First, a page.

Sure Champ Stock Show Christmas Wish List

We are excited to bring you our Second Annual Stock Show Christmas Wish List. If you are needing the perfect idea for your stock show loving family member, we’ve got it! Any of these ideas are sure to please. Be sure to also check out our lists from last year.

Stock show christmas wish list for girls

From accessories to wear in and out of the showring, and great ideas for your stocking, every girl would love to receive something off of our Stock Show Christmas Wish List.

1. Kendra Scott Elle Earrings (Kendra Scott) – $52 – These earrings come in about ever color imaginable. Find a pair to match your school colors, or stick with classic turquoise.

2. Stock Show Mom Tumbler (Stock Show Sweetheart) – $13

3. Sure Champ Sweatpants and Hoodie (Sure Champ) –  $38/$48

4. Sperry Top Sider Boat Shoes (Sperry Top Sider) – $88

5. Show Steer and Pig Cookie Cutters (The Branded Barn) – $3.25

6. Going Showing iPhone Case (Stock Show Boutique) – $33 – You’ll find tons of cute ideas from this new online boutique

7. Charm Bracelet (Cow Art & More) – bracelet $88, charms $28-$64

8. EOS Lip Balm (EOS) – $3.29 This a personal favorite of our Marketing Director’s, Crystal Blin

stock show life boy christmas wish list

Show your love of the stock show life both in and out of the ring. And don’t forget the boys in your family love to have their gift customized with their brand, logo or name.

1. VitaFerm Vintage Angus Shirt and Concept-Aid Flat Bill Hat (Sure Champ) – Shirt – $25 (Hereford version also available)/Hat – $16

2. Show Steer Hitch Cover (Starck Sculpture) – call for pricing

3. Leather Briefcase (Classic Leather Designs) – call for pricing – Classic Leather Designs isn’t just known for their briefcases. Check our their camera straps, chairs, picture frames and more. 

4. Custom Painted Clippers (Sullivan Supply & SLICK Customs) – clippers – $215, call for quote on custom painting

5. Yeti Roadie Cooler (Yeti) – $249.99 – These coolers are definitely an investment, but a Yeti cooler will last a lifetime

6. Beaded Leather Belt (Fort Western Wear) – $64.98

7. Personalize Phone Case (Stock Show Boutique) – $33

Sure Champ Family Christmas Wish List

These gifts are perfect for the family to share or maybe you are looking for something to give your customers or hired hand.

1. Stuffer Show Animas (Maine Aim Ranch) – $130 – These stuffed cows were a hit last year, and now Maine Aim Ranch is offering goats and pigs. 

2. Sure Champ Unisex Hoodie (Sure Champ) – $45 – Place your orders for Sure Champ merchandise by Dec. 17 to ensure Christmas delivery. 

3. Stock Show Poster (Zietlows Custom Signs) – $22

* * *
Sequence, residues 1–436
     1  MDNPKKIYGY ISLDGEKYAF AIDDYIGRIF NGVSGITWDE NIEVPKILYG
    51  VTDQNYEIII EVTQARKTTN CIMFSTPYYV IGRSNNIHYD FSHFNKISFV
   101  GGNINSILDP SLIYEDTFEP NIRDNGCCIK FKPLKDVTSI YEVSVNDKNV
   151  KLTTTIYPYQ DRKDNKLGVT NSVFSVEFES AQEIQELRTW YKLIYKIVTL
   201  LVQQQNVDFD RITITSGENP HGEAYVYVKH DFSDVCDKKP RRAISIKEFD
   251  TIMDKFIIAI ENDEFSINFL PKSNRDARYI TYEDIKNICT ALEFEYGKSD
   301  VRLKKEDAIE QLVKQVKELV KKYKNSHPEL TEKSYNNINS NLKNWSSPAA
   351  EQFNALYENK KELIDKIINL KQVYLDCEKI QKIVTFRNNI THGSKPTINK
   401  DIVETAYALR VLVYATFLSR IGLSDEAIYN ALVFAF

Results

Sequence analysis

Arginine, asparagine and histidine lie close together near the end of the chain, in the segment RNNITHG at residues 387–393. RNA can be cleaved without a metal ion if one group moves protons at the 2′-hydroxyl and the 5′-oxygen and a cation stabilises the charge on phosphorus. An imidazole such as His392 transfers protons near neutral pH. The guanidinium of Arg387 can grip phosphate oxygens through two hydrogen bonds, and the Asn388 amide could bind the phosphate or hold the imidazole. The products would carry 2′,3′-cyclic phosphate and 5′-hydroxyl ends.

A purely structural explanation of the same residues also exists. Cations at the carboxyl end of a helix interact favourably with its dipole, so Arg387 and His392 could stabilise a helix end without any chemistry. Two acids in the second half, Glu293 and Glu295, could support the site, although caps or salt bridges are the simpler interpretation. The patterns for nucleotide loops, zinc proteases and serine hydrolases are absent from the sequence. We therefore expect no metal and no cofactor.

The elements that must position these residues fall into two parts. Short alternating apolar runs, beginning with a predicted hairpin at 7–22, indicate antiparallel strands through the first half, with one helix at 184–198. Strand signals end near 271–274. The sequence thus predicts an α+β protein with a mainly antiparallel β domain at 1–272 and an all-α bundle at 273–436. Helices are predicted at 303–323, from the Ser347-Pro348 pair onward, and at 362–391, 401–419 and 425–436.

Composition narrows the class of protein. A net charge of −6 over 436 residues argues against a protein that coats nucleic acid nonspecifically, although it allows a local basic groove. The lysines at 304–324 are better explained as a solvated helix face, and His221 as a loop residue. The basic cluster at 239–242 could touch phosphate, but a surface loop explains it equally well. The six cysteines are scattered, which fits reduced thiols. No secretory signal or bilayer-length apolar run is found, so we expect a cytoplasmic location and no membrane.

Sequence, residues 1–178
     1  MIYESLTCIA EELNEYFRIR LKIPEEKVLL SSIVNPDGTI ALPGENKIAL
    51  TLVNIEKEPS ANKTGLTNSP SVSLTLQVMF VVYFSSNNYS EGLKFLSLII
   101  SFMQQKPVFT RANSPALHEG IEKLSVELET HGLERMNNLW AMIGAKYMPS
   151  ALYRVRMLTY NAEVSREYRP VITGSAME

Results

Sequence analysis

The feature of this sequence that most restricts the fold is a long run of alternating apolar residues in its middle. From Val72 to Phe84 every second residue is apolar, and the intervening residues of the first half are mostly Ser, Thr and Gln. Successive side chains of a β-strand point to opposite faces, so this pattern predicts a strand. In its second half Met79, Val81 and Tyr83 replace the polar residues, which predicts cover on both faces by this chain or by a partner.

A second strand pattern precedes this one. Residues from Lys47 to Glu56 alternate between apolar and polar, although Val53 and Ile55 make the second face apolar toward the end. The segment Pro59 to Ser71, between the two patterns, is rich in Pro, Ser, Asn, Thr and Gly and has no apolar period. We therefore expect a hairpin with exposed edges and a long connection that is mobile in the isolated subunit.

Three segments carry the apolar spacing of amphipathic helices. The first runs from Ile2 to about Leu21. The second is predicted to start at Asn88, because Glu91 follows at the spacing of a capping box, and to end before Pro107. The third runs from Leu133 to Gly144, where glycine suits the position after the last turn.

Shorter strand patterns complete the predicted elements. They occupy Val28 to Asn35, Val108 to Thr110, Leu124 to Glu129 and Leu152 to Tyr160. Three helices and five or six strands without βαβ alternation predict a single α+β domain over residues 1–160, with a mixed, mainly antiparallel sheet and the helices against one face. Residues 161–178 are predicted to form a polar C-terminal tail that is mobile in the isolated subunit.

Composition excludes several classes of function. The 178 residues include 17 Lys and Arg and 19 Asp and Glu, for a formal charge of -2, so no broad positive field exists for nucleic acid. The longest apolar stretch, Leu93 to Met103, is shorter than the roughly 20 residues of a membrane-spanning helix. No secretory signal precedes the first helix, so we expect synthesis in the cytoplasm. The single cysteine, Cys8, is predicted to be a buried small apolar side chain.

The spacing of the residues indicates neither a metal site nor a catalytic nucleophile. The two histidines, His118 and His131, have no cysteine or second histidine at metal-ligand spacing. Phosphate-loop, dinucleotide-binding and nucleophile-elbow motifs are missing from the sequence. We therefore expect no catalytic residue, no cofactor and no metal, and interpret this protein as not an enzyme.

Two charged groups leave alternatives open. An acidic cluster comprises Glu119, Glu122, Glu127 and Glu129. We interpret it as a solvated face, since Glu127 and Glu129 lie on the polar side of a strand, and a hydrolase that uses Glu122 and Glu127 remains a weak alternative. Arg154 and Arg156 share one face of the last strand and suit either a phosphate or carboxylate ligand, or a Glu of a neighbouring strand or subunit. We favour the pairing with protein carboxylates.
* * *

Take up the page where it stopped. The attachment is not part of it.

4. Keurig Brewing System (Kuerig) – $119 – Get your crew going in the morning with their favorite cup of coffee, tea or hot chocolate.

5. Show Steer Toys (The Stock Show Toy Co.) – $11.50 – We know a lot of big and little kids that would love these cow toys. 

6. Pig USB/Flash Drive (Sure Champ) – $15 – Also, available in two steer colors. 

7. Fitting Poster (Livestock Legacy Imaging) – $10

We hope your family has a blessed holiday season! And don’t forget about your livestock friends in the barn.

Cattle Turned Camera Career Part 2

Paige's Header Part 2

Recently, we highlighted Kirbe Schnoor and her path to becoming involved with Superior Livestock and their televisions shows. Now we highlight Paige Wallace in part two of our Cattle Turned Camera Series.

Paige Wallace says she would not have focused on television and video work as a career except that she was specifically encouraged to do so. During her term as Miss American Angus, Wallace, a Missouri native, was asked to stand in during an interview with an Angus Foundation donor. Eric Grant, director of communications and public relations for the American Angus Association, recorded the interview and afterward approached Wallace’s parents to urge her into broadcast TV. Later on she served on a Sure Champ panel discussion then was asked to be on it’s the association’s show, The Angus Report.

“I had never thought about being on TV but Eric saw something in me and as a result, my passion for broadcast grew,” she says. “He helped me with internships and got me on the road to videography.”

Wallace currently works as the multimedia director and account manager at Ranch House Designs (RHD), Inc., a full-service web and graphic design firm. Wallace introduced video marketing to RHD when she took her job in May. Each project is diverse, from one day working on about sale promotion videos to producing ranch video profiles the next. Wallace travels to stock shows to get videos for clients or grand drive results, creates commercials, covers award events and sends email video blasts.

PaigeWallace-1002“I really enjoy creating promotional videos for producers, I think it is a unique thing in the cattle industry,” she says. “I ask cattlemen, you have so many choices when it comes to buying cattle, what makes the difference? It’s the personal relationships they’ve built. Video marketing allows producers to not only put a name with a face but also show emotion and tell what their operation is about. In the end, we hope that potential customers learn more about them and feel closer to them as a result.”

Growing up Wallace was very involved in National Junior Angus Association activities, serving as Miss American Angus and on the NJAA Board. This junior Angus involvement helped Wallace land a gig anchoring The Angus Report, which broadcast on RFD-TV. Wallace quickly credits being able to reach out to breeders and industry experts to gather interviews because of the skills she learned in livestock leadership endeavors.

In college Wallace was on the livestock judging team at Butler Community College then graduated from Oklahoma State University with a bachelor of science in agricultural communications. She says experiences like judging in college have helped her photograph and video cattle for their best attributes.